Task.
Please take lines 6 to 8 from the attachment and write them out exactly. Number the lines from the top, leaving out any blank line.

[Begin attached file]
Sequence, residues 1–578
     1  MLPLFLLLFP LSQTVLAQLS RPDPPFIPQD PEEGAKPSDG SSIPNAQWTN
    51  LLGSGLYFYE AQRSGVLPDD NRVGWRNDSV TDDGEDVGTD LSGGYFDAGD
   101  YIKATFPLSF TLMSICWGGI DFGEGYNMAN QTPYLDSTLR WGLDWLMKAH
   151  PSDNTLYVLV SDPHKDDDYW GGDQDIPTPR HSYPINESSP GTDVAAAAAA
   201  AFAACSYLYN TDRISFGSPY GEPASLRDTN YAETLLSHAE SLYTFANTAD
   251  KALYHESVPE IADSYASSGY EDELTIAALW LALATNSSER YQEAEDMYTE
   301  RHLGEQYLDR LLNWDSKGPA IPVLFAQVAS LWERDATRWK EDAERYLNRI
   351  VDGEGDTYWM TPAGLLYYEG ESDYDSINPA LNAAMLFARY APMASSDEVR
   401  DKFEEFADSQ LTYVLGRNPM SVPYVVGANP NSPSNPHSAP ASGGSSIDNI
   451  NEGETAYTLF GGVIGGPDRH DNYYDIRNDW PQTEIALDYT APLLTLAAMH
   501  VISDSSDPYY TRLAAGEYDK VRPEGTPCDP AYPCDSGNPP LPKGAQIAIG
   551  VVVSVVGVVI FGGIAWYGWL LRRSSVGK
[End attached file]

   201  AFAACSYLYN TDRISFGSPY GEPASLRDTN YAETLLSHAE SLYTFANTAD
   251  KALYHESVPE IADSYASSGY EDELTIAALW LALATNSSER YQEAEDMYTE
   301  RHLGEQYLDR LLNWDSKGPA IPVLFAQVAS LWERDATRWK EDAERYLNRI